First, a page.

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NPD: People prefer watching online video on televisions over computers

Samsung Smart TV

According to a new study published by the NPD Group, the most common place to watch online, streaming video is now the television rather than the personal computer. According to the results of the study, 45 percent of consumers use the television as the primary place to watch free and premium streaming video off the Web. When asked the same question during 2011, only one third of the respondents utilized the television as their first choice for watching streaming video. Alternatively, the amount of people that choose a personal desktop or laptop computer as the primary screen to watch online video dropped from 48 percent in 2011 to 31 percent during 2012. 

Netflix UINPD attributes the shift to the increased adoption of Web-connected, smart televisions as well as usage of set-top boxes like the Roku 2 or gaming consoles like the PlayStation 3 on older televisions.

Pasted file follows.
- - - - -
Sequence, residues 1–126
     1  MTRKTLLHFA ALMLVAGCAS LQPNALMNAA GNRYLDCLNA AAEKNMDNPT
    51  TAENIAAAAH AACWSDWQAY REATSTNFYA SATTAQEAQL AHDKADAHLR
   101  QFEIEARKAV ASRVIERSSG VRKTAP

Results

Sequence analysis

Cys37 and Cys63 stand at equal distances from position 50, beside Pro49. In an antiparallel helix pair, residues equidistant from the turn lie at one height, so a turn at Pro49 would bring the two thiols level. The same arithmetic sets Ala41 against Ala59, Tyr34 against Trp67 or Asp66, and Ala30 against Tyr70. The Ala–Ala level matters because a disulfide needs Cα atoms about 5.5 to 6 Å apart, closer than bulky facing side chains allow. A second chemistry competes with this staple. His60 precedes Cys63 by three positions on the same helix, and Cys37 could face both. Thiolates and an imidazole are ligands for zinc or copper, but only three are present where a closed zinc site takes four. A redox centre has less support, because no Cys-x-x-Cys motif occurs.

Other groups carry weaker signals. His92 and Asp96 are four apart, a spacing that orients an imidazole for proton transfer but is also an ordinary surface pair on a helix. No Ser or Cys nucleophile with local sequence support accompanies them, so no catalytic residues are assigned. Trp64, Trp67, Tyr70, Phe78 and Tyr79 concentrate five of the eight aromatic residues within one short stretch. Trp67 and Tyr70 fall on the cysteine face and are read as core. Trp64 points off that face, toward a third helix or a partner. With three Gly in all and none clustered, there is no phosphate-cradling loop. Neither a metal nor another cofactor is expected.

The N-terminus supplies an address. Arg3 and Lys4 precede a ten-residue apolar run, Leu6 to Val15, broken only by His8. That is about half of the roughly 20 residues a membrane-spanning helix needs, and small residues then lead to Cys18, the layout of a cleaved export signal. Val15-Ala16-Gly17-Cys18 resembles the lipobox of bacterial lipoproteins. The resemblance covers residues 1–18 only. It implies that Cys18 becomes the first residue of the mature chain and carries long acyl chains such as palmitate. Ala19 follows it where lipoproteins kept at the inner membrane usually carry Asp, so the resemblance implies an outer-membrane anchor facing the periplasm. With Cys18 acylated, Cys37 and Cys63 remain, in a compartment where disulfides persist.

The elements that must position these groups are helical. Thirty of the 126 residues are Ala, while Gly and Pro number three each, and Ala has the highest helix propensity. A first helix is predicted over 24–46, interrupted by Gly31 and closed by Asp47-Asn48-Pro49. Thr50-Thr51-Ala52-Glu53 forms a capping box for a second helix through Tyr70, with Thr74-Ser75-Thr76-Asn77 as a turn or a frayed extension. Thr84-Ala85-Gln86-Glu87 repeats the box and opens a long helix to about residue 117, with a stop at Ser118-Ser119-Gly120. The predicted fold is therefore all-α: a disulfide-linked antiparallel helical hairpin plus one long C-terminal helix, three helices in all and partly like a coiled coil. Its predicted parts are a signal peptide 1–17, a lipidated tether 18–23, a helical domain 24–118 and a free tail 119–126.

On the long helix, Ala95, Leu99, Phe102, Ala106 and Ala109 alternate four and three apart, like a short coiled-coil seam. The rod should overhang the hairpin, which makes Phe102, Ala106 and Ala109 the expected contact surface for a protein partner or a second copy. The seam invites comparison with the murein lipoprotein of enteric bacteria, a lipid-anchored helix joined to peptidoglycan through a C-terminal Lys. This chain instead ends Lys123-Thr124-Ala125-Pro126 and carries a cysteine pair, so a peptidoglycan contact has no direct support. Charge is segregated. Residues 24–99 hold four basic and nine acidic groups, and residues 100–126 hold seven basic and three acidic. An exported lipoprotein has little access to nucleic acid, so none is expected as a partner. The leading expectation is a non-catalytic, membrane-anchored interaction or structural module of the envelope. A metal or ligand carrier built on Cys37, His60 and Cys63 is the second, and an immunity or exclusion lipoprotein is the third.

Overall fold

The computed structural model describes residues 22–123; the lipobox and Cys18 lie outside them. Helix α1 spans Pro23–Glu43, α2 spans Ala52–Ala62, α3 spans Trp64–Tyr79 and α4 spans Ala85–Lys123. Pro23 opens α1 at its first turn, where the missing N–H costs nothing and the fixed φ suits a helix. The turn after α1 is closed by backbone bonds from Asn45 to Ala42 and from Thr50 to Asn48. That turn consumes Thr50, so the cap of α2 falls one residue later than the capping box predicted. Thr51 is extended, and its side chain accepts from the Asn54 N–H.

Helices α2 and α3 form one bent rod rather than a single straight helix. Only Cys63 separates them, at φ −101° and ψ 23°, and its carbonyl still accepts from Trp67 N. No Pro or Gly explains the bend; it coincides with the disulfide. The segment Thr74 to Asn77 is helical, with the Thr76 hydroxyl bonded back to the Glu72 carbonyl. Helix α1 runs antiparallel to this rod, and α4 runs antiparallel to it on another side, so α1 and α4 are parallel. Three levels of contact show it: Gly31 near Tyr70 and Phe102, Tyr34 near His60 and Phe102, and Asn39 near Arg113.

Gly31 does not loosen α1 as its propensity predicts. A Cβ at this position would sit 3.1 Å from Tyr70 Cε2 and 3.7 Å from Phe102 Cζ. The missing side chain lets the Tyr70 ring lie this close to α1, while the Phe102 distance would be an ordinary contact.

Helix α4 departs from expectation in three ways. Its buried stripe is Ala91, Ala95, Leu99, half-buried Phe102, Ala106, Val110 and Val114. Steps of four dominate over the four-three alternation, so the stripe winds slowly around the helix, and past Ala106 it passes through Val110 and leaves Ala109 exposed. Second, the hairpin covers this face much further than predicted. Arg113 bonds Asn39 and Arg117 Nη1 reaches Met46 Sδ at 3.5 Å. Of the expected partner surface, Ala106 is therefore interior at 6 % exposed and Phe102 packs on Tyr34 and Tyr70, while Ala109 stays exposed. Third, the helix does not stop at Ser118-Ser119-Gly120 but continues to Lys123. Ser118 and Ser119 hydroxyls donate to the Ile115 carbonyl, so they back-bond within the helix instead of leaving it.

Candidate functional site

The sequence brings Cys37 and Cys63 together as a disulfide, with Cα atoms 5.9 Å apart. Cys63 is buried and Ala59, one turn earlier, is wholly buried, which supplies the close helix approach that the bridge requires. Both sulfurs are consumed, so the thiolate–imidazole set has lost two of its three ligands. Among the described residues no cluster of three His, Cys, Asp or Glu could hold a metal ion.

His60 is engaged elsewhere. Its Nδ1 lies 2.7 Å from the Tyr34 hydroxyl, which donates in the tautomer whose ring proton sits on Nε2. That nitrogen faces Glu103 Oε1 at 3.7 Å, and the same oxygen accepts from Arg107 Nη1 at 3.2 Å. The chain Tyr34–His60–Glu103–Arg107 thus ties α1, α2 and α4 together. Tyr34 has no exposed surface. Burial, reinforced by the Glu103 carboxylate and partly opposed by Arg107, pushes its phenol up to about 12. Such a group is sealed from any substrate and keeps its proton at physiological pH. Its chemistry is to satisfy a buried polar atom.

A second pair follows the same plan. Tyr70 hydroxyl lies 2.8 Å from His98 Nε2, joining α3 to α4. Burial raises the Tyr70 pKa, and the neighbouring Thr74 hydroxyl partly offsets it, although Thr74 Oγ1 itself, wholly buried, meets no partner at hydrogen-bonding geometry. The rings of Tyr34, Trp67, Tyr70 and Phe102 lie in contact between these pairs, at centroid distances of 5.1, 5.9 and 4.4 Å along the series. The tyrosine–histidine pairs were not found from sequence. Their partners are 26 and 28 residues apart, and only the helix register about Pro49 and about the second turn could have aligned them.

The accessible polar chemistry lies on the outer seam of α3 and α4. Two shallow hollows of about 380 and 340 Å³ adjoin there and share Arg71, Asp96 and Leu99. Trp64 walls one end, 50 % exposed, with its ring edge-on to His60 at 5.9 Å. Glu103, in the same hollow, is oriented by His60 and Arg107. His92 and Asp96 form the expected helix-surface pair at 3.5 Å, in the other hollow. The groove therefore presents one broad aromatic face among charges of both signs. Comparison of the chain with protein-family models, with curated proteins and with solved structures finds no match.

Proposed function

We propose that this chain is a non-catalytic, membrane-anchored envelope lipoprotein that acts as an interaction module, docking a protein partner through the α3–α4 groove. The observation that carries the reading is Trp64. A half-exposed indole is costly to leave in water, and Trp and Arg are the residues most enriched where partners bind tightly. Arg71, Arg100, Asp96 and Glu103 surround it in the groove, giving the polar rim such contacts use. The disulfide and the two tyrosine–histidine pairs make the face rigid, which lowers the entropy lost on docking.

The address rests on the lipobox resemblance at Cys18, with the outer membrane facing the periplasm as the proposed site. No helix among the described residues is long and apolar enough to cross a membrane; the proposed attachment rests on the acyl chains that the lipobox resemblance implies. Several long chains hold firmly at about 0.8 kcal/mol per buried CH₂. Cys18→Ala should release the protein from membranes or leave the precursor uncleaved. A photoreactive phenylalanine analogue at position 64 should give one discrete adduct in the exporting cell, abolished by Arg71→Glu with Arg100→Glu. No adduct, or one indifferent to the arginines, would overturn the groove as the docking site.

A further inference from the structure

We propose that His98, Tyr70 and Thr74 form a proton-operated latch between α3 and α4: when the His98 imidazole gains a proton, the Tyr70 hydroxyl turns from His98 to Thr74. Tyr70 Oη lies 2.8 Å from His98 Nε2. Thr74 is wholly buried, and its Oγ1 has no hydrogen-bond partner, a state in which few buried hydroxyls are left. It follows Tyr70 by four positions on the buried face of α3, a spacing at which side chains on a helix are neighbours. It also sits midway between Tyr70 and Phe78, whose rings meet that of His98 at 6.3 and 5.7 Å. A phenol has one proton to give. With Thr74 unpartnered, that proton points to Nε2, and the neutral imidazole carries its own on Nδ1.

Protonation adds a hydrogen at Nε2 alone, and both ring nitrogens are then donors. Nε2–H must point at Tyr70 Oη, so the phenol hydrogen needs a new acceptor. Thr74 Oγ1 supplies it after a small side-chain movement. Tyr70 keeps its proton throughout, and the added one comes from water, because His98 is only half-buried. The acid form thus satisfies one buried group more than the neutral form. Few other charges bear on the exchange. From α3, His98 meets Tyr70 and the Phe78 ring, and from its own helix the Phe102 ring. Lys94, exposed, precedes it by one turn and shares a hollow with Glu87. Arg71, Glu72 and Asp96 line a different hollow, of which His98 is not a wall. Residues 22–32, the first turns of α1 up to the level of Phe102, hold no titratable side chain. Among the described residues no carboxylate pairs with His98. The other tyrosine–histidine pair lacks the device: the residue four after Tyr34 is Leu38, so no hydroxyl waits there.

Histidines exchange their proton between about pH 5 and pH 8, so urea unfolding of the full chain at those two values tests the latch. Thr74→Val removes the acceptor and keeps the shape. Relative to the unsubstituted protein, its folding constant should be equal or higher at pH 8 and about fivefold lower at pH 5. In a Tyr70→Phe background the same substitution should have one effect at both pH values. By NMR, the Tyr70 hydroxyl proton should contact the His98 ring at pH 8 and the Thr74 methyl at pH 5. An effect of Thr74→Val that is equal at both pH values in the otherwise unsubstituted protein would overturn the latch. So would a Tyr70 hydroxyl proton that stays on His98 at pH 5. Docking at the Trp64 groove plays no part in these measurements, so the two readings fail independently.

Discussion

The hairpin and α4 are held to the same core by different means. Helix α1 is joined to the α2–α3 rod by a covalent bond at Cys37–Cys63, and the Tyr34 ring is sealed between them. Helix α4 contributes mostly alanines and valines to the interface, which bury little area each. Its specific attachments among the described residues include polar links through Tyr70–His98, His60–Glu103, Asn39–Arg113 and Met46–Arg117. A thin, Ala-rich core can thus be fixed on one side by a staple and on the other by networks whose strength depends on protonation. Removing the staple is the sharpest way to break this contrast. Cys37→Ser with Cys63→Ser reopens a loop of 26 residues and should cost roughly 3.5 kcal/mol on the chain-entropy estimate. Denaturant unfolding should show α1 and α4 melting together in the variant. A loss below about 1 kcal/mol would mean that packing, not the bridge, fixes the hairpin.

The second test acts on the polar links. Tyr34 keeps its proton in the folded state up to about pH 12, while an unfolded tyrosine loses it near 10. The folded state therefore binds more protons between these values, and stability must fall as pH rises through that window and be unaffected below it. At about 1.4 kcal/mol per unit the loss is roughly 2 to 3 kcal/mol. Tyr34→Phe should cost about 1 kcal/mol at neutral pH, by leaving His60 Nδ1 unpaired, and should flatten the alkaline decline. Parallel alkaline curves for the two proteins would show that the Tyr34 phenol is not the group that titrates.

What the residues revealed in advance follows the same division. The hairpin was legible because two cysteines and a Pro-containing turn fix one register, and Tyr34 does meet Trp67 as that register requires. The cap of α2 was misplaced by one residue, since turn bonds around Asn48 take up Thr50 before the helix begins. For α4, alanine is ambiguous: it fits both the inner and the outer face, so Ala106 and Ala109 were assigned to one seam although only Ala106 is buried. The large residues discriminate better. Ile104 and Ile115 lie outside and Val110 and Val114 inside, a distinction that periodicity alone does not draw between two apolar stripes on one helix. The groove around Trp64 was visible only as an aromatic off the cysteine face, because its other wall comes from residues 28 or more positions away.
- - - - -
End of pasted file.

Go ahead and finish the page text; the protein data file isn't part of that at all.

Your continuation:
According to NPD’s data, about ten percent of U.S. households have at least one smart television with access to streaming video applications like Netflix or Hulu Plus. In addition, more than forty percent of those households with smart televisions have accessed one form of online entertainment within the past year.

When asked about the transition of online video into the home theater, NPD Group senior VP of industry analysis Russ Crupnick stated “The growth in connected TVs is another sign that online video is maturing. Streaming video has moved from the dorm room to the living room; and, as more households obtain and connect TVs to the Web, we predict increased trial and engagement for video distribution services.”

Definitely not surprising, Netflix dominated consumer’s time in regards to services being used on Web-connected televisions. Approximately forty percent of the respondents that had a smart television used the flat panel to access Netflix Instant programming. Other popular services included the similarly priced Hulu Plus and the pay-per-view movie service Vudu. Perhaps most interesting, nearly twenty percent of households with smart televisions stopped using devices like set-top boxes, gaming consoles or Blu-ray players to access streaming video applications.